African cities are rapidly growing, some faster than others. The problem is that these African cities are obsessed with the Western kind of development that is not always adapted to local an cultural realities. A new wave of African architects are working towards an architectural revival on the continent.
Today we are focusing on African architecture. In a few days time that is on September 28, the Africa Architecture Awards will be held in Cape Town, South Africa.
It is one of the biggest ceremonies that recognises African talents in architecture as its name implies, and there are quite a number. The continent is indeed full of creative architects.
So on one side we have these creative architects and on the other side we have African cities that are rapidly growing, some faster than others. The problem is that these African cities are obsessed with the Western kind of development that is not always adapted to local realities.
So would it be possible to have a purely African architecture? Of course its possible though am not saying we should start constructing huts in cities. By saying African architecture we intend to promote a modern architecture that at the same time allows us to retain our African identity.
Well the good news is that it is possible. And it is good because we will be interested in this new wave of African architects who are working towards an architectural revival on the continent with projects that are adapted to the local and cultural realities of African cities.
So how do they do that? Well, by using African architectural techniques and traditions and by using local materials like wood or bricks.
Mariam Kamara is part of this young generation of African architects.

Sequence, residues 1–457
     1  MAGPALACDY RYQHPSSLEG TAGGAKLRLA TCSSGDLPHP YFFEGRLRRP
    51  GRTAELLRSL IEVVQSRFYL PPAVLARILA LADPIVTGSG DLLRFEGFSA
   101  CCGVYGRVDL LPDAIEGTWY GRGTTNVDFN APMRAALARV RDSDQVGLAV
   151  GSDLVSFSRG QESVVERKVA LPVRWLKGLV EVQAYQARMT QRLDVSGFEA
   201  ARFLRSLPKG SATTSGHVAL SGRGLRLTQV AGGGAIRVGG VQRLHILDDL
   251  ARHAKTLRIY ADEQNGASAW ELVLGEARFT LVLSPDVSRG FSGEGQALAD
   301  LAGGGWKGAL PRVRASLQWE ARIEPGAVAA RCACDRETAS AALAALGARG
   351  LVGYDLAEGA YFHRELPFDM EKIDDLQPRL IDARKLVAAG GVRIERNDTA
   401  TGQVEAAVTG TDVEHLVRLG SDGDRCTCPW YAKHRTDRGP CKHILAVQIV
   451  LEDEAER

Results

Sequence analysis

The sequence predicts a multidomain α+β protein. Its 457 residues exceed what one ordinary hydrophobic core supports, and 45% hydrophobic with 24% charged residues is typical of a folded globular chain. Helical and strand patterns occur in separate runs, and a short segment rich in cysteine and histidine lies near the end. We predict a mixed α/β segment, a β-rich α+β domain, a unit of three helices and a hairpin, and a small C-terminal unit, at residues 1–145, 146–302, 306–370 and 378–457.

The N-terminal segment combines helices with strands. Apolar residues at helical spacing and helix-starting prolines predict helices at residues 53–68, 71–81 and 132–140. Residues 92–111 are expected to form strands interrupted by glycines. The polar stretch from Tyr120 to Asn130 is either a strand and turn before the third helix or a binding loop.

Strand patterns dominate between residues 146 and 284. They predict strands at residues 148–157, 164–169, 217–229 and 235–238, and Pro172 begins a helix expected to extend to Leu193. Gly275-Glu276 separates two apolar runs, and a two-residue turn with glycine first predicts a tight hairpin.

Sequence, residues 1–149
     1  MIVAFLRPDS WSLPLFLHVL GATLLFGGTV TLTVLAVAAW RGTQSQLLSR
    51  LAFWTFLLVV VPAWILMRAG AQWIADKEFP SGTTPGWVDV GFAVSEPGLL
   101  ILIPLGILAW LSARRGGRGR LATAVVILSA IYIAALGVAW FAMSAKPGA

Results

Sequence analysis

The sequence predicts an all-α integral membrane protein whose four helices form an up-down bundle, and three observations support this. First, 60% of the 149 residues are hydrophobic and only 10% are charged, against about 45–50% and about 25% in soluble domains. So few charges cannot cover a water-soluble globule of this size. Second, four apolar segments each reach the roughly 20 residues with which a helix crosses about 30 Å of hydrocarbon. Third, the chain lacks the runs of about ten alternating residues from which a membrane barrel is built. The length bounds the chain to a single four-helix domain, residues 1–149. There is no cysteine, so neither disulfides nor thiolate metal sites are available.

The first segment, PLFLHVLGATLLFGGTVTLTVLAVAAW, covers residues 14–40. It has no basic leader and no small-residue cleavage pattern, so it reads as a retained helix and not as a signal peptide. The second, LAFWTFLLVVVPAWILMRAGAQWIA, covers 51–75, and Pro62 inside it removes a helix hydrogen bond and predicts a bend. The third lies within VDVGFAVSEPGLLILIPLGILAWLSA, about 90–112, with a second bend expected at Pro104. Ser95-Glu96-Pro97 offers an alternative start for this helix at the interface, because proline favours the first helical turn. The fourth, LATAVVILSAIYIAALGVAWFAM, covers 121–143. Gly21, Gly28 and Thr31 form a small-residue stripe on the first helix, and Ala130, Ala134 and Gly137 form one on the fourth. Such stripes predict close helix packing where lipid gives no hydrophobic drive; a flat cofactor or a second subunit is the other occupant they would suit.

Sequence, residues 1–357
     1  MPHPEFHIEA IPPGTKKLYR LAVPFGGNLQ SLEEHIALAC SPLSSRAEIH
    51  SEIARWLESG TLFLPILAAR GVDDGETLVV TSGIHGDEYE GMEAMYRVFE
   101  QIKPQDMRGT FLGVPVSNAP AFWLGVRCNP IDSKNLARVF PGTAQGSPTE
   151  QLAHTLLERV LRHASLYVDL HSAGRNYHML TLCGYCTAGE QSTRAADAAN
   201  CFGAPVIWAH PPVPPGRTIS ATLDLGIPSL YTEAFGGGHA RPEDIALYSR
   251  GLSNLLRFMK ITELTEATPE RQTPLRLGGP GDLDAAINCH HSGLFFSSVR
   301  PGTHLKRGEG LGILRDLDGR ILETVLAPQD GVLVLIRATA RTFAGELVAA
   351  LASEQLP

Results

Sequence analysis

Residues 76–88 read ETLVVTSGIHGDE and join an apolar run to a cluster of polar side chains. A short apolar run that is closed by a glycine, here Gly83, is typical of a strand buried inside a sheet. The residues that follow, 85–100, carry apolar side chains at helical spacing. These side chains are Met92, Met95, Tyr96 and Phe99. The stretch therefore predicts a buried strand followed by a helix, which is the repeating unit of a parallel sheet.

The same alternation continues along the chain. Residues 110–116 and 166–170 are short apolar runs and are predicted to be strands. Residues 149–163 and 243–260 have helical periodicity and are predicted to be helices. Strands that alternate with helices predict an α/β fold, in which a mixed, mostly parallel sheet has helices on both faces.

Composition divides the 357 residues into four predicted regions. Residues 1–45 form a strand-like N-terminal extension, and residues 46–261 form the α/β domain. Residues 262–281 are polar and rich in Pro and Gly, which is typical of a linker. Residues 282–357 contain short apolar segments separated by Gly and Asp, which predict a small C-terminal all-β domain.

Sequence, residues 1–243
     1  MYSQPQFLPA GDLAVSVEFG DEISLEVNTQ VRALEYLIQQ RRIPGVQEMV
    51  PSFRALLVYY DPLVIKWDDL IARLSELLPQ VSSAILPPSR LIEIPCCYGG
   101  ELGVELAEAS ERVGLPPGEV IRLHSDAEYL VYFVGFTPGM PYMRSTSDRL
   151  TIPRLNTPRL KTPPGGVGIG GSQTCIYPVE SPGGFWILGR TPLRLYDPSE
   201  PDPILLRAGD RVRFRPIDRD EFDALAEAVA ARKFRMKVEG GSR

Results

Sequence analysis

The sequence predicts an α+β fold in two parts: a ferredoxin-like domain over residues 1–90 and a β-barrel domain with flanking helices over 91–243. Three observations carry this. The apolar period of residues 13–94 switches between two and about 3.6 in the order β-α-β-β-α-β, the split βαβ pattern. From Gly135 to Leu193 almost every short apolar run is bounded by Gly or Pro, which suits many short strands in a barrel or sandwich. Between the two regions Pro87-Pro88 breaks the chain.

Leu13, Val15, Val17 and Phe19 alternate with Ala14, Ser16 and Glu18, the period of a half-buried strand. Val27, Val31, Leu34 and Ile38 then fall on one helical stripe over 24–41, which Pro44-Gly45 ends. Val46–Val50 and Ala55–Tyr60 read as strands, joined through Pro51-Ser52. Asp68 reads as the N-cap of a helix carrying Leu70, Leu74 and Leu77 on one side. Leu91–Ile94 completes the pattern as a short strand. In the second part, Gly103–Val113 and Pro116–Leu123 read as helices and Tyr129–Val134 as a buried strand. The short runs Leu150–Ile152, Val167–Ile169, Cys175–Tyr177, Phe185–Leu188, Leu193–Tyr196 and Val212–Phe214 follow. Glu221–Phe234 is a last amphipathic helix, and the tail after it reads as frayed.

After studying architecture in the United States, she returned to Niger where she created a pilot project: Niamey 2000. They are affordable housing, built with local products. I asked her if in terms of African architecture there was a country in which others could be inspired with.
So we understand that modernity does not always have to go with westernisation. But that this modernity can also get its inspiration from tradition.
In the same spirit, I would like to talk to you now about a project that shows to what extent African architecture is part of culture just like its been seen in music and even in craftsmanship.
It is a project that was set up by an architect.
Internet users like you and I can submit their photos. The idea is to list the different traditional houses that exist in about fifty African countries.
The techniques of construction and the materials used often illustrate an ancestral know-how but which has began to disappear and it is a part of the African culture that may become extinct. And these buildings do not look like that but they are very resistant. Some date back to the 14th century, hundreds of years ago like the Djenné mosque in Mali.